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FNDS 3402 - Modern Crime: Jack the Ripper

Requirements for Your Research Papers

Copied directly from Jamie Wraight's FNDS 3402 Fall 2021 Syllabus:

"Each research paper must utilize at least five individual primary sources. Primary sources are documents created during a particular event. These documents can be written accounts (diaries, letters, memoirs, and newspaper articles), visual depictions (photographs, film, and video), oral history interviews or sound recordings. You must also utilize at least four appropriate and individual secondary sources to help frame your topic and help support your conclusions. At least two of these sources must come from either books (printed or e-books) or scholarly journal articles (printed or electronic)."

Doing Historical Research: Primary & Secondary Sources

Typically, historical research can be separated into two categories: Primary and Secondary. It is important to understand the differences between the two types of resources.

A Primary Source is Defined As: Materials produced by people or groups directly involved in the event or topic under consideration, either as participants or as witnesses. These sources provide the evidence on which historians rely in order to describe and interpret the past.  Some primary sources are written documents, such as letters; diaries; newspaper and magazine articles; speeches; autobiographies; treatises; census data; and marriage, birth, and death registers. In addition, historians often examine primary sources that are not written, like works of art, films, recordings, items of clothing, household objects, tools, and archeological remains.


A Secondary Source is Defined As: A resource that discusses a prior event from an academic or research or layperson perspective.  The key here is that the resource is from some time after the event.  An example of this would be a book about Jack the Ripper or an article in a journal publication discussing the significance of Jack the Ripper. A book will NOT typically be a primary source unless it is a compilation of letters or diary entries or documents.

Book with glasses on top

Primary vs. Secondary Source: Often times determining whether something is primary or secondary may depend on the question that is being asked. For instance, if a researcher is researching the issues around the Jack the Ripper case and reads a book on that topic published in 1900 that may be determined to be secondary but if the question is then about opinions of the Jack the Ripper case than that same book can then become primary. 

Primary and Secondary Sources Video

The video below, by librarian Joshua Vossler from the University of West Florida, will give you insight into how primary and secondary sources are related. How a source can be both primary and secondary depending on the context, and how definitions of primary and secondary sources can differ by discipline.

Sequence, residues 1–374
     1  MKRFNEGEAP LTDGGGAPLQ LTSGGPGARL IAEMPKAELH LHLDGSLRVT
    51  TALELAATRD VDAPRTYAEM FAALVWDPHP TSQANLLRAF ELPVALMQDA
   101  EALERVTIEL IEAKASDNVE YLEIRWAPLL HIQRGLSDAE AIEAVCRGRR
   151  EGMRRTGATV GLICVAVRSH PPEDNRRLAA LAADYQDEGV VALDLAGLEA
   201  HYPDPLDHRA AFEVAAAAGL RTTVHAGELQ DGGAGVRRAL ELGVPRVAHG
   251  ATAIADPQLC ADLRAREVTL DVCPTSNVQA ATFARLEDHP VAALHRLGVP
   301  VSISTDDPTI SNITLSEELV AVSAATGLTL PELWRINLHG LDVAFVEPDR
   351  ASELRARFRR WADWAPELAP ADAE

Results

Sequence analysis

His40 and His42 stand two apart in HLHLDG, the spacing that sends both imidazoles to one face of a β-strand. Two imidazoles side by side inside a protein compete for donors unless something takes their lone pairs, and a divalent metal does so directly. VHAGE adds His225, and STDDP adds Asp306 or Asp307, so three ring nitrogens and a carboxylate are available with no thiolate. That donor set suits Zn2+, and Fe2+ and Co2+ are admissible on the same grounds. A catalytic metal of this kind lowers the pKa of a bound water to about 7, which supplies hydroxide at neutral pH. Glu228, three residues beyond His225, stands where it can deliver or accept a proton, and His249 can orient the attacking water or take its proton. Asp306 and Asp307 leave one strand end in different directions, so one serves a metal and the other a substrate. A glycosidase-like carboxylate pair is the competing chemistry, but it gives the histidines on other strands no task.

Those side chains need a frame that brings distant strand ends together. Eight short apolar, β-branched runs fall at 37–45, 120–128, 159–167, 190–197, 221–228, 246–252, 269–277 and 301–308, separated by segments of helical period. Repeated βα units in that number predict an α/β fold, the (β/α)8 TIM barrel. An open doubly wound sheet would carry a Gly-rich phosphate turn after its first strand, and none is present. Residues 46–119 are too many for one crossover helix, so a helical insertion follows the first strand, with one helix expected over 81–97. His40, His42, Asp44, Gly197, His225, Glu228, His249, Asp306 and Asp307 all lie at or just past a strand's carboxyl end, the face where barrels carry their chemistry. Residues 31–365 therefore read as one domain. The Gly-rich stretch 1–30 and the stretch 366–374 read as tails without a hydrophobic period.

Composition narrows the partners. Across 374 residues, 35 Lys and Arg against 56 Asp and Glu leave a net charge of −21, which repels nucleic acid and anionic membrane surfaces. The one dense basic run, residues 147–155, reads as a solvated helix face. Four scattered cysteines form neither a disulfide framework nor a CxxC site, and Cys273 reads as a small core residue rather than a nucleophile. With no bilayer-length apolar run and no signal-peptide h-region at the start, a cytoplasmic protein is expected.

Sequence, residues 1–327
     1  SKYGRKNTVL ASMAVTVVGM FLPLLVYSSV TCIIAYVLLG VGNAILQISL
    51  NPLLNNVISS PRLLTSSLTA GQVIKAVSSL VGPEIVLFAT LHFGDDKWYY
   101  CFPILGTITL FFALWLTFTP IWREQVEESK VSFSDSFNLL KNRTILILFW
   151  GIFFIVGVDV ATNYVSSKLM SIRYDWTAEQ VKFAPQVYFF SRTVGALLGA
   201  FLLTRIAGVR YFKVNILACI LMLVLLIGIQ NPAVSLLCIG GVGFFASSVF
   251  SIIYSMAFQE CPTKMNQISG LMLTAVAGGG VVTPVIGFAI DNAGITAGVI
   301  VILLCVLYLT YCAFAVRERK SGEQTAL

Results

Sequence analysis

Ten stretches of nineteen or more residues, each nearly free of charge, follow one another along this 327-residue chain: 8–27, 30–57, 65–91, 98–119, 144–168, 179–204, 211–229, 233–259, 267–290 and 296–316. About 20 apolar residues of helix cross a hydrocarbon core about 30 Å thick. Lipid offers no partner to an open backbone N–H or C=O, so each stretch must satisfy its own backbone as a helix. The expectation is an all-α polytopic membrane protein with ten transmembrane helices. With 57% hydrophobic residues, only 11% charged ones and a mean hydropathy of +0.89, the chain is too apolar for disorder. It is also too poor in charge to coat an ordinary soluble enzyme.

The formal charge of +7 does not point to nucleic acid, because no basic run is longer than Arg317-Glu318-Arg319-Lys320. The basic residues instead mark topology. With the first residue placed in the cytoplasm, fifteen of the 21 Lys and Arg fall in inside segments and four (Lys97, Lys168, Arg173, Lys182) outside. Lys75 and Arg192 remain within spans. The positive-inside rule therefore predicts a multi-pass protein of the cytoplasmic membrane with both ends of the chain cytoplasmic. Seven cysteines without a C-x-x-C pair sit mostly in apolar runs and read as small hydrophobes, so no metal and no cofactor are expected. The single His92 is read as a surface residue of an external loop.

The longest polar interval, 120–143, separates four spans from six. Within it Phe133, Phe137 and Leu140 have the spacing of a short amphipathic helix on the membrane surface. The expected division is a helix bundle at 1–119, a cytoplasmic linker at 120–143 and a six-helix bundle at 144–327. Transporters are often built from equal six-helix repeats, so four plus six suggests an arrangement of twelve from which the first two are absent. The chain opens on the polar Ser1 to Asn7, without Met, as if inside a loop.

How to Read a Primary Document for History Classes (by UM-Dearborn History Professor Dr. Georgina Hickey)

1. Read the document carefully.

2. Think about the following questions. Some of these questions apply better to some documents than others. Some questions you may not be able to answer because of incomplete information (an obstacle historians regularly face), but you may be able to speculate based on your historical knowledge. Choose the questions (it could be several) that you think can best be used to analyze and reveal the meanings of your document. In your notes compose brief responses to these questions.

  • WHAT is this document? (letter, photo, diary, official speech, etc)
    • What historical event or phenomenon might it help me address?
  • WHO wrote this document?
    • From this document, what can we tell about the perspective of the author(s)?
    • Does the document suggest that the author(s)’ point of view was widely shared, or was it controversial and confined to a few people?
  • WHEN was this document created?
    • How does the document reflect the time when it was written or created?
    • What does it say about the events underway at the time?
    • What does it suggest about how that particular time was perceived by the author(s)?
  • WHY was this document created? What was its purpose?
  • WHO was the intended AUDIENCE?
    • How did the audience shape what the author(s) says?
    • How would the intended audience be likely to read the document?
    • How would people who were not among the intended audience be likely to read it?
  • Think carefully about the choice of WORDS in the document.
    • How do the words in the document reflect the author(s), the time, and the intended audience?
    • Does the author(s) choice of words reveal covert assumptions along with an overt message?
  • Comparison to other sources: How are the tone, perspective, and purpose of this document similar or different than others I have read on this topic?
  • After reading it, what do I still wish I knew?

3. Now step back and make a more overall assessment that includes the basics of the document (including its style/tone), its strengths and weaknesses, the historical questions it might speak to, and some conclusions about the significance of the document?

Be a detective; consider this document a “clue.” Read between the lines. This is not meant to be a summary of the document. Try to say something meaningful about the document’s significance – how it adds to our understanding of this particular episode of American History.

Avoid presentism. You should not focus on making comparisons/contrasts to the present day. Your job is not to decide whether a document is good or bad, or whether the author was right or wrong; rather, you should be seeking to understand the document’s form, function, and impact.

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